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Science

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Engineered yeast could increase nutritional value of wine while reducing hangovers

By - March 18, 2015 1 Picture
Using a technique that cuts out unwanted copies of a genome to improve the beneficial properties of a compound, researchers working at the University of Illinois College of Agricultural, Consumer, and Environmental Services (ACES) claim to have produced a yeast that could vastly increase the quality of wine while also reducing its hangover-inducing properties. Read More
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Scientists fly real beetles by radio remote control

By - March 17, 2015 6 Pictures
Studying insects in flight can be difficult. They're usually tethered in place, although this may affect the manner in which they fly. That's why scientists from the University of California, Berkeley and Singapore’s Nanyang Technological University (NTU) took a different approach – they installed an electronic backpack on giant flower beetles, allowing them to be remotely controlled while in free flight. The technology not only gave the researchers a better insight into how the insects fly, but it could also find use in areas such as search-and-rescue. Read More
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Potentially life-saving sensor detects cyanide poisoning in just over a minute

By - March 16, 2015 2 Pictures
As any classic murder mystery or spy thriller will tell you, cyanide is a poison that acts quickly. Once exposed to it, a person can die within 30 minutes. Unfortunately for people who think they might have encountered it, the standard test for determining exposure takes 24 hours. Now, however, a scientist at South Dakota State University has developed a sensor that detects cyanide within a blood sample in just 70 seconds. Read More
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Future soldiers may be wearing fish-inspired body armor

By - March 16, 2015 1 Picture
On most fish, their hard, overlapping scales provide considerable protection against pokes and cuts. Because those independently-moving scales are each attached to a flexible underlying skin, however, the fish are still able to easily twist and turn their bodies. Scientists from the Technion-Israel Institute of Technology and MIT are now attempting to copy that structure, to develop flexible-yet-effective armor for humans. Read More
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World’s most powerful laser diode arrays deployed

By - March 15, 2015 2 Pictures
The High-Repetition-Rate Advanced Petawatt Laser System (HAPLS) under construction in the Czech Republic is designed to generate a peak power of more than 1 quadrillion watts (1 petawatt, 1015 watts). The key component to this instrument – the laser "pump" – will be a set of solid-state laser diode arrays recently constructed by Lawrence Livermore National Laboratory (LLNL). At peak power, this electronic assemblage develops a staggering 3.2 million watts of power and are the most powerful laser diode arrays ever built. Read More
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Artificial "skin" changes color in response to minute force

By - March 13, 2015 2 Pictures
A thin and flexible chameleon-like material developed by engineers at the University of California, Berkeley changes color when stretched or bent even tiny amounts. With potential applications in camouflage, structural fatigue sensors, display technologies, and more, the material's color changes reliably as it gets flexed thanks to rows of ridges that are precisely etched onto a silicon film one thousand times thinner than a human hair. Read More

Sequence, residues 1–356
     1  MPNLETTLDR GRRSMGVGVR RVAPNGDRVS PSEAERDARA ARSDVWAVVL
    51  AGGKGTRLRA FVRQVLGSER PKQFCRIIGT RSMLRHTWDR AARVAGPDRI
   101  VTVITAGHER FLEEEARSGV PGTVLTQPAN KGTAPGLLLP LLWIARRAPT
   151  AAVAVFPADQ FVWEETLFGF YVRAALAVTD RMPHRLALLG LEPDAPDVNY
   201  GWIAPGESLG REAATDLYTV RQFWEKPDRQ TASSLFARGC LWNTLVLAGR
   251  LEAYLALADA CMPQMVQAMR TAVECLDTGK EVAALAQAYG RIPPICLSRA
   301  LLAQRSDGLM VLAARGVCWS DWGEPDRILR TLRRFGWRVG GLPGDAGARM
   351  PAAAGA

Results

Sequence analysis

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Machine automatically assembles complex molecules at the microscopic level

By - March 13, 2015 2 Pictures
The synthesis of complex small molecules in the laboratory is specialized and intricate work that is both difficult and time-consuming. Even highly-trained chemists can take many years to determine how to build each one, let alone discover and describe its functions. In an attempt to improve this situation, a team of chemists at the University of Illinois claim to have created a machine that is able to assemble a vast range of complex molecules at the push of a button. Read More
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New self-cleaning paint stands up to wear and tear

By - March 12, 2015 1 Picture
How would you like to be able to wash your car by just hosing it off – no soap, scrubbing or drying? You may be able to in the not-too-distant future, thanks to research being led by a team at University College London. Drawing on earlier research, they've developed an ultra-hydrophobic (water-repelling) paint that can be applied to a variety of surfaces, and that stays on once applied. Read More
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Insect-inspired eye may allow drones to navigate their environment more naturally

By - March 11, 2015 1 Picture
Most modern aircraft, cruise missiles, spacecraft – in fact, almost all flying vehicles – use an accelerometer for flight stabilization. Living creatures that fly, on the other hand, rely on their own innate sense of balance determined by environmental observation and inbuilt organ-based systems. Now French researchers have designed a bio-inspired, sight-based system that could be used in conjunction with accelerometers to vastly increase the autonomous capabilities of drones by endowing them with more natural flying abilities. Read More

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